Sunday, June 20, 2010

Judging Diva

Ahhh, contests.

We’re all familiar with the hit-or-miss world of contesting our babies (AKA WIPS). Some of us do it a tad more than others, but we’ve all seen the results splashed across various loops.
I’m not here to tell you why you should enter. Oh, no. I’m going to tell you why you should judge.
Entering is the easy part. (Nail biting aside, yes, it is. It’s out of your hands as soon as you hit send and you go back to work. You do go back to work on it, right?) Judging is quite a bit harder and takes more time but I’ve learned far more judging than I’ve ever learned from entering.
The first reason is simple. Judging is a way to give back to the romance writing community, to use your skills to help a fellow writer. We’ve all got strengths we can use to read others’ work and offer suggestions where needed. Yes, we’ve all got weaknesses, too. I’ve found carefully reading the entry and scoresheet and honestly answering the scoring questions balances that. Follow your instincts. All you need to be is fair.
Here’s the biggest reason. Craft. I’ve learned so much about craft from the entries I’ve judged over the years. This, for me, is hands down the most valuable thing. It’s how I learned about conflict, saw how other authors of varying skill levels employed it or not. Pacing. Description. Voice. POV. Characterization. Dialogue. Tension. Sexual tension. Emotion. Everything. I’m not saying I used judging as a proving ground. I wasn’t a brand-spanking-new writer when I started. However, it’s seeing all these things in action over the years in many different entries by many different writers that I’ve been able to see how they work--or don’t--and take that to my own writing.
Finally, some caveats. Judging does not mean you rewrite another’s work. It does not mean you sabotage someone who is a better writer than you or competition for your CP. Ever. That’s unethical and shame on those who abuse the position. If you truly believe you can’t judge an entry it is your responsibility to let the coordinator know ASAP so she can assign it to someone else. (That’s what you would want for your own entry, right?) Don’t sign on if you can’t devote a reasonable amount of time. Give the entries the kind of treatment you’d want for your own baby. It’s not fair to simply give random scores and call it a day.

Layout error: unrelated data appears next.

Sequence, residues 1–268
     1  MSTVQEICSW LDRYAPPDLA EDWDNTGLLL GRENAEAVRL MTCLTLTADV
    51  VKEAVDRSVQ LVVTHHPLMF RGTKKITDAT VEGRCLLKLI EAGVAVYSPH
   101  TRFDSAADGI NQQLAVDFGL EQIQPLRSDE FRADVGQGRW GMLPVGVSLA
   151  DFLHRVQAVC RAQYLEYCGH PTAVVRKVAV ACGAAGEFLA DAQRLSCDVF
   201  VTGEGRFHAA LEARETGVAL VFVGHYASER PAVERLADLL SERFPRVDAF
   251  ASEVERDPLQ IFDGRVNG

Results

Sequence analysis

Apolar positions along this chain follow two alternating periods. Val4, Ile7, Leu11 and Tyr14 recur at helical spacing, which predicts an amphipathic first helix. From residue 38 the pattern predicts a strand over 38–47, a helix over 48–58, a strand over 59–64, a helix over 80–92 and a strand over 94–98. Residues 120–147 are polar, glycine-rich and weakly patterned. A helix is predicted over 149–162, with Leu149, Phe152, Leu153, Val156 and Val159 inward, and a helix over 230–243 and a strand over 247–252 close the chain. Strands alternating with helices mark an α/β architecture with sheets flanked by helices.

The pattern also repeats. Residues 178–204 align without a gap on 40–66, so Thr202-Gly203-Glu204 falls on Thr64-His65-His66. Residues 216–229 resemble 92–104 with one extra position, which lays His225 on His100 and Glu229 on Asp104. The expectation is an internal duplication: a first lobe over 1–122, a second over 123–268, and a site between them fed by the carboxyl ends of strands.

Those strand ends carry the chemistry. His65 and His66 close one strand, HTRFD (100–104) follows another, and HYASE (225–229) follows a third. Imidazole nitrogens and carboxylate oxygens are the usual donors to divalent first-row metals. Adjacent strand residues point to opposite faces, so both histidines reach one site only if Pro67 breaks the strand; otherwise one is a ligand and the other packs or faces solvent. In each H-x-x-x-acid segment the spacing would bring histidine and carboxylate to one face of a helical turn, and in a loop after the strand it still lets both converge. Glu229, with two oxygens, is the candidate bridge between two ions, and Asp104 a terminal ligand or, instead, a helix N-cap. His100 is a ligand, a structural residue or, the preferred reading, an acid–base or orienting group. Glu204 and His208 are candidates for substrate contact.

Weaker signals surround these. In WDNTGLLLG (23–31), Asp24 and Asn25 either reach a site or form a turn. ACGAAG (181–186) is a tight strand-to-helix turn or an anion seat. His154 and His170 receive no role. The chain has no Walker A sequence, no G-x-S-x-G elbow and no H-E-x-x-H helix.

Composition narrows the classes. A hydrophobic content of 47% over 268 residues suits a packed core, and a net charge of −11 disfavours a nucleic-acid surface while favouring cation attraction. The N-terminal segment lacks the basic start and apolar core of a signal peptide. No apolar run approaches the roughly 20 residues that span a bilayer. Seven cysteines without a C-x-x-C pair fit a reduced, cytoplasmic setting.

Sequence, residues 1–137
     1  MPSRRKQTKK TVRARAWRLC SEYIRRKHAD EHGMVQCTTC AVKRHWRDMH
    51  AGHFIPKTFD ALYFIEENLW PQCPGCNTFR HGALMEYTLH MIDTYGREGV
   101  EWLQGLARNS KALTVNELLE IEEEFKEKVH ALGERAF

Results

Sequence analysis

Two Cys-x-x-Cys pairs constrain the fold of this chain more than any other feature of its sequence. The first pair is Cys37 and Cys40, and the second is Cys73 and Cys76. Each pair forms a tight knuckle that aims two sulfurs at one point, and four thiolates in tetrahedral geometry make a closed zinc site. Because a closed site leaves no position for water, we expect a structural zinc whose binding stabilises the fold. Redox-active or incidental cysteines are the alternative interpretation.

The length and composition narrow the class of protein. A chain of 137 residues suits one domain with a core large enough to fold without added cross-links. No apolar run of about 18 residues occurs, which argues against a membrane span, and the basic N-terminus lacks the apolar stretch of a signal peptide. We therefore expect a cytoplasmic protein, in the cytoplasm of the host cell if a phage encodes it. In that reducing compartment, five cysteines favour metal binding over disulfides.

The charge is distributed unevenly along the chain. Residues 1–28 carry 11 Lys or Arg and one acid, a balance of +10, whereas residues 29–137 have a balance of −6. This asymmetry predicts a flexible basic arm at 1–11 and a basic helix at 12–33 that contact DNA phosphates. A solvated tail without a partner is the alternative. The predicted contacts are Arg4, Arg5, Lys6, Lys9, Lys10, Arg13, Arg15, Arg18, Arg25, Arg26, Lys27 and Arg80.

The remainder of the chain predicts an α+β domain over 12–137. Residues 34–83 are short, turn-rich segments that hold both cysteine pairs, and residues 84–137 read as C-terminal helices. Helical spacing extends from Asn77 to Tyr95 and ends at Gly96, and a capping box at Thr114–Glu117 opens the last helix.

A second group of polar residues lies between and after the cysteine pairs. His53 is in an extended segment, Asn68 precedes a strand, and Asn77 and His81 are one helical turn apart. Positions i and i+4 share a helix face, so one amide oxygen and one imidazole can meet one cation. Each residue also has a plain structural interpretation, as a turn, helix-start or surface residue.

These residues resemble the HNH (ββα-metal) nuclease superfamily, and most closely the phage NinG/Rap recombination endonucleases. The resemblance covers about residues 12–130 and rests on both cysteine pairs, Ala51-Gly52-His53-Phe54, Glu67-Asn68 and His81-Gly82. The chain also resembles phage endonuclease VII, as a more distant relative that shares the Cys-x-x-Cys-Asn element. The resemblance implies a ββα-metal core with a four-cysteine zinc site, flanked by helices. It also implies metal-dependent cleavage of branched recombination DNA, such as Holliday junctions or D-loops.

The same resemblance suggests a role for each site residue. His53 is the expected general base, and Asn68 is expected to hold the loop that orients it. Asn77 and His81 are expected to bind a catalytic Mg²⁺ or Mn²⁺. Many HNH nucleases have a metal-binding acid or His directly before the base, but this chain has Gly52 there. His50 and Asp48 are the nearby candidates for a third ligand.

If you can, sign up the next time a call goes out. It’s free. You get to help a fellow writer along the publishing path. Judging is a big responsibility. But by striving to be fair and investing some time you might even learn a little something that helps you grow as a writer.


Carolyn Hughey said...

Great post, Ami!! I'm a firm believer in judging fairly and providing good feedback. I think the points you've made also happen with critique partners -- some turn out to be good, others . . . well, you get the picture.

My hope is that all those who make the mistake of brow beating instead of helping will recognize themselves in this article.

Good job!

Mona Risk said...

I like your post Amy. I judged a lot of contests, includung the Golden Heat and have learned a lot from seeing the good I should follow and the bad I should I avoid.

P.L. Parker said...

Good insight.

Sheila Tenold said...

Great post, Ami! I'm judging again this month and happy to give back to the RWA...and, as you said, I always learn more about our craft during the process.

JACLYN said...

Nice article, Ami.

I've judged a lot of contests including the Golden Heart for three years. I've learn a lot, especially POV, which drives me crazy.

Mona told me to highlight my hero in blue and my heroine in pink so the POV stands out, marvelous.

I've received more compliments in my judging and have learn so much more.

On one GH entry, I judge an entry and the author was so pleased she asked if I would judge her whole manuscript. I have and two more of her books. We have become fast friends.


Jill James said...

Ami, I love judging contests. I try to judge 3 or 4 a year. I like to give back, to help, and to see what others are working on. I feel like I might be seeing a future trend or a future published author I'll want to buy from.

The most common mistake I see in contest entries is starting in the wrong place. Most of the entries I judge could cut the first two or three paragraphs and THEN start the story.

Ami said...

Thanks for the comments, everyone!:)

I love judging. Carolyn, you're right, it's not really different from a crit partner, but the fact you can be anonymous sometimes lets people think they can behave like petty children.
Mona, I love to judge the GH. It's my favorite.
P.L. You're welcome. :)
Sheila, I think I learn something new with every contest--not always earth shatteringly huge, but things that make you go 'hmmm'. :)
Jaclyn, I love that she found you and you've made a friendship out of it. That's great. :) POV really can be a bugger and it's one of the easier things to see in judging, I think.
Jill, I agree. I recently judged one where the story didn't start until the end of the entry--25 pages in! It can be so hard to see that in your own work.

Anyway, thanks for stopping by! :)

Terry Spear/Terry Lee Wilde said...

I've judged a ton of contests, though with working full time and on constant deadlines and teaching online writing classes, I've really had to cut back. I still judge our own chapter's contests, and the Rita and another published author's contest. :) It's a great way to see what works and what doesn't! :)

Joanne said...

You are so right. Not only can you give back to our wonderful community of writers, but I've learned something new every time I judge.